A part of this long-term approach involves continuously engaging with the community and reinforcing the societal benefits that these projects can bring. From significant new tax revenues to the creation of new jobs, renewable energy projects like these provide much more than just energy—they offer the potential for sustainable development and growth.

For example, in 2022, solar panel manufacturer First Solar announced plans to create nearly 1,000 jobs through domestic manufacturing, and tech giant Meta revealed plans for data centers in Georgia powered by 100% renewable energy. Such initiatives signal a nationwide ecosystem being built around solar energy, and communities can decide how to best leverage these developments.


Yet, even for communities that prefer to remain small, the additional tax revenue can be used to improve roads and schools, without requiring outside involvement. Community members can decide how to use the resources provided by renewable energy projects and what role these new taxpayers will play in their community.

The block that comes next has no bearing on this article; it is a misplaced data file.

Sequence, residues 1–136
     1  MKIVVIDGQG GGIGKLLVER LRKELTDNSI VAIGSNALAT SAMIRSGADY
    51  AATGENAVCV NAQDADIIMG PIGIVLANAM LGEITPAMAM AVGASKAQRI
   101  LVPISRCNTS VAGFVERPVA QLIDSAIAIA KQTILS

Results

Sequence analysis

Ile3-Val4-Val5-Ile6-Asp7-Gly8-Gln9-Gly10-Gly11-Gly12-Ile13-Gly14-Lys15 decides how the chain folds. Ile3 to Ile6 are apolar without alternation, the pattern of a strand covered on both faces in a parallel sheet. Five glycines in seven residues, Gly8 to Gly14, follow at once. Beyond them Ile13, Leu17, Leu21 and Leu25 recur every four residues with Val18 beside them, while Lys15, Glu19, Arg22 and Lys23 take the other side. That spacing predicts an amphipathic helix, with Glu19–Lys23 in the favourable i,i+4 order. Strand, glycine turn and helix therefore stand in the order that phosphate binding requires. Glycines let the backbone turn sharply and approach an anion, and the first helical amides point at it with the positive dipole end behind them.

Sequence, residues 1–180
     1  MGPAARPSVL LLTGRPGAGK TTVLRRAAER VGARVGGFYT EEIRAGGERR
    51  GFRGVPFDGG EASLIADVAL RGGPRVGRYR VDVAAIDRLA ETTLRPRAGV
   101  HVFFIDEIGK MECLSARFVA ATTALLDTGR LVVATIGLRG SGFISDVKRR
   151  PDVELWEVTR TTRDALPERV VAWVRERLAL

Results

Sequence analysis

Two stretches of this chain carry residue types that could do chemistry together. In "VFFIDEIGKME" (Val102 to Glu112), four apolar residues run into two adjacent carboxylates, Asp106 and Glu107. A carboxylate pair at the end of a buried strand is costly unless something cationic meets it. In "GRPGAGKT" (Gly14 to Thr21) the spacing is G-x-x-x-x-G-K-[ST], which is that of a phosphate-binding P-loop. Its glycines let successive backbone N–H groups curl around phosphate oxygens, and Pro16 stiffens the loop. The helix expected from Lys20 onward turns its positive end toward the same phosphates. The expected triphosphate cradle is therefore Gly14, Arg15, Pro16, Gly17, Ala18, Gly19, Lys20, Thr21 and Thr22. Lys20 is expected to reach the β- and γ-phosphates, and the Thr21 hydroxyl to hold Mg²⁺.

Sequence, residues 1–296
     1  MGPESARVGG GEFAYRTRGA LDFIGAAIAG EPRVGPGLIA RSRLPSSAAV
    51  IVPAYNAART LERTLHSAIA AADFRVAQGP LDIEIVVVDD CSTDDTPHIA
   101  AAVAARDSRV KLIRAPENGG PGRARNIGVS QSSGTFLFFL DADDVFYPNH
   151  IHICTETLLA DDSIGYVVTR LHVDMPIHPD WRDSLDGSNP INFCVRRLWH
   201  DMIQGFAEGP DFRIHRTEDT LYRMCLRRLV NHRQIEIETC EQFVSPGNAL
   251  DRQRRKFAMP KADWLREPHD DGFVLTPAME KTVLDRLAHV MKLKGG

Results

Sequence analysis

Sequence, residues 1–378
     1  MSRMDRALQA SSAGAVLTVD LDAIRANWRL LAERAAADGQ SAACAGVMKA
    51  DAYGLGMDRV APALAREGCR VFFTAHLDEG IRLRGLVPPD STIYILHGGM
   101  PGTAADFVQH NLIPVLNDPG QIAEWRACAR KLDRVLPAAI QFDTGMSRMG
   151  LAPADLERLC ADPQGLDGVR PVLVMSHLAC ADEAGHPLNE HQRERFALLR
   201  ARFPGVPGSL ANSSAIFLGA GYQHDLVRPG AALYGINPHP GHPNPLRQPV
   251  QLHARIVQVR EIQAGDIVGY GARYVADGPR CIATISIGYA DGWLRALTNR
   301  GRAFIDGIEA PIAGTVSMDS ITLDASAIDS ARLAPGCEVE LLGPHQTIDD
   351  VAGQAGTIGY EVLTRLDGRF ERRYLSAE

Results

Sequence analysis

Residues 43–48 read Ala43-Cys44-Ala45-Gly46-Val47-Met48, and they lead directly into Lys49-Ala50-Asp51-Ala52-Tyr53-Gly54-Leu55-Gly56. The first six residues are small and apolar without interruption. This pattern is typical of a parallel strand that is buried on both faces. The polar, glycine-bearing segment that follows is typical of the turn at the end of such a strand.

It can be frustrating to witness the spread of misinformation about green energy projects’ impact on local economies. It’s disheartening to see fear about property values halt the progress of these economically beneficial projects. However, it’s important not to dismiss these fears but instead continually engage with the community, ensuring our approach considers each community’s unique needs.

Solar projects are assets that can improve local economies and attract companies and families looking to relocate or open new facilities. By continuing to engage with our communities and demonstrate our long-term commitment, we can show that these places are forward-thinking and that companies requiring access to renewable energy can locate and thrive here.


Author: Kyle Spurgeon